The Phantom Tollbooth, by Norton Juster

Young Milo, who doesn’t know what to do with himself, is teleported into a crazy world indeed: The Lands Beyond, where the Forrest of Sight contains an invisible city, where the Valley of Sound is silent, and where you have to take care to avoid getting lost in the Doldrums or jumping to (the island of) Conclusions. Milo’s quest is to find the princesses Rhyme and Reason and restore them to the realm. His sidekick is a watchdog named Tock (who ticks); the most loathsome demon in his way is a bureaucrat called the Senses Taker.

Works, by Thomas Malory

The “Knight Prisoner” Malory must have found the world a tough place to get along, and his collected work, which publisher William Caxton didn’t know what to make of, is a veritable bible of striving amidst chaos. From the early tale of “Balin or the Knight with Two Swords,” in which the hapless hero, involved in a fast-moving pursuit through a castle, unwittingly delivers the Dolorous Stroke, blighting the world, to the piteous tale of the “Morte d’Arthur,” in which the knights of the round table turn against each other, all is confusion. In between can be read “The Tale of Sir Gareth” and the story of La Cote Male Tayle, which seem identical – but are they? Why is everything so easy for Sir Gareth and so difficult for LCMT? The answer may very well provide the key to life itself. Be sure to read these stories in the original Middle English (edited by Eugène Vinaver), to enhance the sense of the arcane.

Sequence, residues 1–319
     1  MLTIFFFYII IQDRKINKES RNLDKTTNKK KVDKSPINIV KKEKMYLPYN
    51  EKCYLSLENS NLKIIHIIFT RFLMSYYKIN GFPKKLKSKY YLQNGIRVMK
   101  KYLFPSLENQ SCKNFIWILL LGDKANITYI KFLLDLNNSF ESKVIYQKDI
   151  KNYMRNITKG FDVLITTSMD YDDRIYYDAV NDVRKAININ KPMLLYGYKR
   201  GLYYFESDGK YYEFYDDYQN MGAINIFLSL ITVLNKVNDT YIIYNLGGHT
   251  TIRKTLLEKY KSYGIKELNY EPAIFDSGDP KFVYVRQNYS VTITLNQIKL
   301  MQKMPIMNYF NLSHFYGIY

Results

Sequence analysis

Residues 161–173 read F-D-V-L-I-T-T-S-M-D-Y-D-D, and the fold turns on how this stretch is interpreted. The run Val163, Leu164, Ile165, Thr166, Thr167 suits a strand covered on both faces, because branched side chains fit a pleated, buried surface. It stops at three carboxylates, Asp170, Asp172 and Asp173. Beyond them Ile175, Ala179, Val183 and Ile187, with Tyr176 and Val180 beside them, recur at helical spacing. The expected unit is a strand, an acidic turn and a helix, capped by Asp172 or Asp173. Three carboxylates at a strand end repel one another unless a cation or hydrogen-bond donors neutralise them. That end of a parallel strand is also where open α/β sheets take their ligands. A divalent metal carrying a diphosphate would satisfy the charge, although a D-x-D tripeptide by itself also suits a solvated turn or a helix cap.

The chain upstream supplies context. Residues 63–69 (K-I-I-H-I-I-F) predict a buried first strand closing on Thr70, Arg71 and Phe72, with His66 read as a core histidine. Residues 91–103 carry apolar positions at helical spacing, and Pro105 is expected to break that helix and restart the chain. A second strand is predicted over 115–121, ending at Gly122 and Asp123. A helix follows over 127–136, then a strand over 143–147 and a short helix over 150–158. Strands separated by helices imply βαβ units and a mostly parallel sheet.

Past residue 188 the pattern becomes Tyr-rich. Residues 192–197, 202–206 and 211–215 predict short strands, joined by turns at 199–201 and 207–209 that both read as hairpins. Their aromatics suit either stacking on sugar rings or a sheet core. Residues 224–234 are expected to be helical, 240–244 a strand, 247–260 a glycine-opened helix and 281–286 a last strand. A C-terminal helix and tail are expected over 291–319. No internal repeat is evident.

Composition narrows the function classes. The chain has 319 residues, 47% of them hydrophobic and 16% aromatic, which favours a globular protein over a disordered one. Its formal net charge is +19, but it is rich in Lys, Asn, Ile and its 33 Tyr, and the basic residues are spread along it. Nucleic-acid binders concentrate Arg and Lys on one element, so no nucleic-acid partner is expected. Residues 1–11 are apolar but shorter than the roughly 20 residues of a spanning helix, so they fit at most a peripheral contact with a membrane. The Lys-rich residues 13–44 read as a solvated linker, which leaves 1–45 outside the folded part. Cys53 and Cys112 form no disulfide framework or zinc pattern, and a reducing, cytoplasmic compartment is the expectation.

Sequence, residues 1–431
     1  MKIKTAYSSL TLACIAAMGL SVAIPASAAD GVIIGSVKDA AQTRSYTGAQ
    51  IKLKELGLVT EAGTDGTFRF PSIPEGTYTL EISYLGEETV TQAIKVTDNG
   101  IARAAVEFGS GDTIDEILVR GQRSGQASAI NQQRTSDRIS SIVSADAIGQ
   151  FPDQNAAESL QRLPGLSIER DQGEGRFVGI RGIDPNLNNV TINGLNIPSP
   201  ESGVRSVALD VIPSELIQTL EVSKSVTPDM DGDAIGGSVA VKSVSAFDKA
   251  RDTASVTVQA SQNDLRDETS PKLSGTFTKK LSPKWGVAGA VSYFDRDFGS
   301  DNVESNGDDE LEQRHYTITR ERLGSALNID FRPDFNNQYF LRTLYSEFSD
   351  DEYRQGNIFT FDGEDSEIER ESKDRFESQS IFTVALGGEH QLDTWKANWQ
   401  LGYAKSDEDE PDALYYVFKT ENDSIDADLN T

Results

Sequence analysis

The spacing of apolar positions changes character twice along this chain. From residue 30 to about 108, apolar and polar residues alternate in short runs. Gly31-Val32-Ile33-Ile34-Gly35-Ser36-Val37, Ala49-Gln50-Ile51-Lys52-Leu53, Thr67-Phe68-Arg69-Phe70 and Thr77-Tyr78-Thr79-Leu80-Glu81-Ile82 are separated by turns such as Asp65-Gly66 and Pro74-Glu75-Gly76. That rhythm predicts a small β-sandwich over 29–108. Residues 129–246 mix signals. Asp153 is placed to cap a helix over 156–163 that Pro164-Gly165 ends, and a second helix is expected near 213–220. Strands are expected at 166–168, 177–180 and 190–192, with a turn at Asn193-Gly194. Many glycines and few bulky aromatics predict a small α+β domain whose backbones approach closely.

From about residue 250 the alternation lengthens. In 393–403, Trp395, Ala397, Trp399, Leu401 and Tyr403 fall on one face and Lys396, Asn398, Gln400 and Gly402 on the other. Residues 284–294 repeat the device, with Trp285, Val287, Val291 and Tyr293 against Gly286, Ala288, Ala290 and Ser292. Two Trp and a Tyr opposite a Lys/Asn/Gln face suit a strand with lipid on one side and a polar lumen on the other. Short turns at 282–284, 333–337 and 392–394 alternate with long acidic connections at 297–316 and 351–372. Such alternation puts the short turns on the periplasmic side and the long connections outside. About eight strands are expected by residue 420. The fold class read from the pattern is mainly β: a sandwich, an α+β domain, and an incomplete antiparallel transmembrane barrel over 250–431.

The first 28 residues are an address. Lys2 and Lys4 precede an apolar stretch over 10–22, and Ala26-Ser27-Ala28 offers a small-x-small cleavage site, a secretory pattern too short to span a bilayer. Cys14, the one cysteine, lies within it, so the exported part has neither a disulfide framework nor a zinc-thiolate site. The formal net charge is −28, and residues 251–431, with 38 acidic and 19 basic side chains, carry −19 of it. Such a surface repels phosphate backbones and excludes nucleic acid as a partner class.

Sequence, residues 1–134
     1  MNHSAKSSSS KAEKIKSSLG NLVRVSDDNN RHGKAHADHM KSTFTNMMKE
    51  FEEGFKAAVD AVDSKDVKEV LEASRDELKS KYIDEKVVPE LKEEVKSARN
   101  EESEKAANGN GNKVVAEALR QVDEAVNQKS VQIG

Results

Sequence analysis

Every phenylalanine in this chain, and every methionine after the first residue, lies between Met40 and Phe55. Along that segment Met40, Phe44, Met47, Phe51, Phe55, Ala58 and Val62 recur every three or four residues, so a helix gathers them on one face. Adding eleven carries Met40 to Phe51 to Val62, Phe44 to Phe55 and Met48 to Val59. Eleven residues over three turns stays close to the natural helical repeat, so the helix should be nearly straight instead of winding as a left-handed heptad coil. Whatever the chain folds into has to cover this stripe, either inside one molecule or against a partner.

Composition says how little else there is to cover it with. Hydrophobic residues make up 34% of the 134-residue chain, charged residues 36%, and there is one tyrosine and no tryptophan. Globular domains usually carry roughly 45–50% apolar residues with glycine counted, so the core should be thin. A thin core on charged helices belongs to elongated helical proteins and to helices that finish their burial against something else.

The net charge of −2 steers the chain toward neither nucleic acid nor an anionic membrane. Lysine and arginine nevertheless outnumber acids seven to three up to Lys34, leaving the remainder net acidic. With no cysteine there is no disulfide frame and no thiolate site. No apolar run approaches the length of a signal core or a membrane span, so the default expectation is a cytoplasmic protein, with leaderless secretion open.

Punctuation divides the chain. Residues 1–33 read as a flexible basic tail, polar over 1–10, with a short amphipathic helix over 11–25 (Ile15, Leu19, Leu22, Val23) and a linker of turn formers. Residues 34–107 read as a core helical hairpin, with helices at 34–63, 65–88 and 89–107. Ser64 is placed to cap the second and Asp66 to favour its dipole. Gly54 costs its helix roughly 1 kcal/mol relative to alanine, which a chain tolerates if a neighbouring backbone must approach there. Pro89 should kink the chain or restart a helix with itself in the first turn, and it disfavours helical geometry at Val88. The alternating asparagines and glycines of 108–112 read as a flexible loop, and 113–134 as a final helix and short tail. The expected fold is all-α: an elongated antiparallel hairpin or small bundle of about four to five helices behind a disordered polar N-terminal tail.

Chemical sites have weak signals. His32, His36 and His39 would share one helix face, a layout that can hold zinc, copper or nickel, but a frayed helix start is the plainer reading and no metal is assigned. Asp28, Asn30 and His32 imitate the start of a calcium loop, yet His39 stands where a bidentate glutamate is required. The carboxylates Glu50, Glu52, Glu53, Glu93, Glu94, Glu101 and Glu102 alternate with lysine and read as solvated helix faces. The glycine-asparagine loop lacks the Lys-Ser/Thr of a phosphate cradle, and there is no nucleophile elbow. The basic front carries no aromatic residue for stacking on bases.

The Adventures of Huckleberry Finn, by Mark Twain